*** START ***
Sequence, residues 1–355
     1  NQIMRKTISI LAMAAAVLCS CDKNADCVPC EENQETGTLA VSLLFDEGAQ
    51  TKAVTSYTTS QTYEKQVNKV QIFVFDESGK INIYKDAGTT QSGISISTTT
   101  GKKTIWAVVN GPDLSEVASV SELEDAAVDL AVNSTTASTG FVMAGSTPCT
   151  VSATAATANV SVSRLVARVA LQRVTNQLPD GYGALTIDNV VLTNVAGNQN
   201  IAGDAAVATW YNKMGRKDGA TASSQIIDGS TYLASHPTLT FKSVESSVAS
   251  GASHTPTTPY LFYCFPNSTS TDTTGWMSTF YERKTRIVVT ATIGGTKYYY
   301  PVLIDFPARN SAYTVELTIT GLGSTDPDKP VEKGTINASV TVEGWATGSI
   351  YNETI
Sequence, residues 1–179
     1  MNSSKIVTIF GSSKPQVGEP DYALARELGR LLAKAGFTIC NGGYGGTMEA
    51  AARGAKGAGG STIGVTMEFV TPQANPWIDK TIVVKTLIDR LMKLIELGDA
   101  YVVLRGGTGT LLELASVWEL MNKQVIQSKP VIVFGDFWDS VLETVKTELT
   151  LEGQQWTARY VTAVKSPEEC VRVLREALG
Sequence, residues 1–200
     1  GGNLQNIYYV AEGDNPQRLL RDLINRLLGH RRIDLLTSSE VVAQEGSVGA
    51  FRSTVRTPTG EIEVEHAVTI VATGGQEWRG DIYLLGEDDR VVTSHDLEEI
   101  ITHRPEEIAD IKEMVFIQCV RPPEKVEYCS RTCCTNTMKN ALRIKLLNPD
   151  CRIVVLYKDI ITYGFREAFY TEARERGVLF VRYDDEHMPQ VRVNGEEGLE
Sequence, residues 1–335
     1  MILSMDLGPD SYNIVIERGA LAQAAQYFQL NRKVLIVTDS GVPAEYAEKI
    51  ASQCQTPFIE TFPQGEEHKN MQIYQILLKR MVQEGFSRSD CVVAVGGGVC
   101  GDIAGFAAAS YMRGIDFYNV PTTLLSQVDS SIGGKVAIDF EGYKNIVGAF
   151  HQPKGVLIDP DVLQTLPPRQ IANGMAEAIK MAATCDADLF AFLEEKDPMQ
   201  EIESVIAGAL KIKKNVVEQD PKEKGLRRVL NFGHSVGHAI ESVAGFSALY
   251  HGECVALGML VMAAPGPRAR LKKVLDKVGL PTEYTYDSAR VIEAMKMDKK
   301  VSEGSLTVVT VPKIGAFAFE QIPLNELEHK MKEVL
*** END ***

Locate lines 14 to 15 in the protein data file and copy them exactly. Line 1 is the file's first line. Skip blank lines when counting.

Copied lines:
   151  LEGQQWTARY VTAVKSPEEC VRVLREALG
Sequence, residues 1–200